Keen Australian travellers have flocked at the chance to swap the winter chill for summer sun in a European holiday.
But those enjoying their enviable getaway could bring back an unwanted guest when they return home as monkeypox continues to spread abroad.
The federal government this week announced new vaccines to tackle the disease were on the way, with 22,000 doses to hit Aussie shores this week before a further 100,000 doses arrive later this year and another 350,000 in early 2023.
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Currently, there are at least 53 cases of the disease nationwide and this does not include infections diagnosed while abroad.
But the situation looks much different overseas, with more than 12,000 cases reported across Europe and two deaths in Spain.
“We’re certainly running well behind the level of case reporting you see in the US, Canada, Europe and UK,” Health Minister Mark Butler said on Thursday.
However, health authorities are on alert and recently designated monkeypox to be a “communicable disease of national significance”.
The government has now ruled out introducing travel restrictions to stop Aussie travellers bringing the disease back with them.
“The Australian Government is closely monitoring the outbreak of monkeypox,” a Health Department spokesperson told 7NEWS.com.au.
“In declaring monkeypox a ‘Public Health Emergency of International Concern’, WHO Director-General Tedros stated ‘there is a clear risk of further international spread, although the risk of interference with international traffic remains low for the moment’.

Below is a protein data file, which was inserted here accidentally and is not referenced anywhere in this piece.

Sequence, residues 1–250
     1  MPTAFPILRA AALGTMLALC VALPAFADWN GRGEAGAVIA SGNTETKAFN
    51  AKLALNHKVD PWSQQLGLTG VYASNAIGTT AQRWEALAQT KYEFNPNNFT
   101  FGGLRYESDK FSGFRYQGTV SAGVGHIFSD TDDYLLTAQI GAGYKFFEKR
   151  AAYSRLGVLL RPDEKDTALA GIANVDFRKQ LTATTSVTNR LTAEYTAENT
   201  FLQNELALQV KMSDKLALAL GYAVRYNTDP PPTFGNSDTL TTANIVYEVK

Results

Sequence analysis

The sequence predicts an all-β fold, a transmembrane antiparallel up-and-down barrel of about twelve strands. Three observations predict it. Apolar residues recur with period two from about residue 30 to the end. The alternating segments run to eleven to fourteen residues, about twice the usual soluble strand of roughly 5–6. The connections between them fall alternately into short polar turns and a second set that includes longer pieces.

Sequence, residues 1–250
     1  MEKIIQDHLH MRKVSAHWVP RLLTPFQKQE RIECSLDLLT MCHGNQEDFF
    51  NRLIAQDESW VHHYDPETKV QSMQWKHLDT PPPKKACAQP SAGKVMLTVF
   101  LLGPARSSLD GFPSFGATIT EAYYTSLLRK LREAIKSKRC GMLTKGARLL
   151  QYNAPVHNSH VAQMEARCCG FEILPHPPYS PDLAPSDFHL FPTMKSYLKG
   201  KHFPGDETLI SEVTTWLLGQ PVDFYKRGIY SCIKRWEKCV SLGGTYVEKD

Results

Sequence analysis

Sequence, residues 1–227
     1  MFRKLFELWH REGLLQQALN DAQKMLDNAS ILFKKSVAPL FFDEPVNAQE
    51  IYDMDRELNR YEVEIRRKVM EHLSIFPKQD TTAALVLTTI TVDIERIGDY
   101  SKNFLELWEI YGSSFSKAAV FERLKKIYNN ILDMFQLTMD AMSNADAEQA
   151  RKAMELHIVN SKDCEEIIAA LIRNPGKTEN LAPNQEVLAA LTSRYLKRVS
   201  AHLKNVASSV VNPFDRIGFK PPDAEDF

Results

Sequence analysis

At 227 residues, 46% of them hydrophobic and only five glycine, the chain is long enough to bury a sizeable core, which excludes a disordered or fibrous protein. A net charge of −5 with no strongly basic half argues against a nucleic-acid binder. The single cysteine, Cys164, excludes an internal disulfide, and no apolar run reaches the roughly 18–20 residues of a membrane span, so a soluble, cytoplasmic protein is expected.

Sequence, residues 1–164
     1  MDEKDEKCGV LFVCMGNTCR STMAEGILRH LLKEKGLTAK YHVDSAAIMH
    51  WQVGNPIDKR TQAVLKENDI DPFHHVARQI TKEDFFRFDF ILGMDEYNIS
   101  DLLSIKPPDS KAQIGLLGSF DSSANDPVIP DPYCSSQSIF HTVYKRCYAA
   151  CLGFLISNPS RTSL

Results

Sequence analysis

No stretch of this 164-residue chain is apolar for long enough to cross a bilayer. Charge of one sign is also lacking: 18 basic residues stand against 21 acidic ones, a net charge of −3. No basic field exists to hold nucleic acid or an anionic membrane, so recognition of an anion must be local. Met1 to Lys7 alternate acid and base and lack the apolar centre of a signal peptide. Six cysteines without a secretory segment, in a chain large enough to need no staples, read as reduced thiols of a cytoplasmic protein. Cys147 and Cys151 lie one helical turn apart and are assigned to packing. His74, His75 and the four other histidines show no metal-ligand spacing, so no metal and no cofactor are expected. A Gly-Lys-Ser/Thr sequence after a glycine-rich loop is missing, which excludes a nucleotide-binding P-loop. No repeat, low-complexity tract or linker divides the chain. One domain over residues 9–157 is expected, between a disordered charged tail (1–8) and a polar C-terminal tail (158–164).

“Based on the current situation, Australia is not considering any travel restrictions or border closures in response to monkeypox.”
The Health Department is urging Aussie travellers visiting or returning from countries where cases have been identified to be aware of the signs of infection and seek medical help if they think they may have been exposed to the virus.
People are asked to get medical help if they develop monkeypox symptoms – which include a distinctive rash or lesions, swollen lymph nodes, muscle aches and joint pain – after returning from overseas or being in contact with a case in Australia or overseas.
Current health advice to prevent infection includes:
- If infected, isolate from others until the sores fully clear and wear a face mask when around others if unable to isolate alone
- Avoid physical contact with the infected person, including any objects such as linen or towels that they may have touched
- Careful hand and respiratory hygiene for all in the household.
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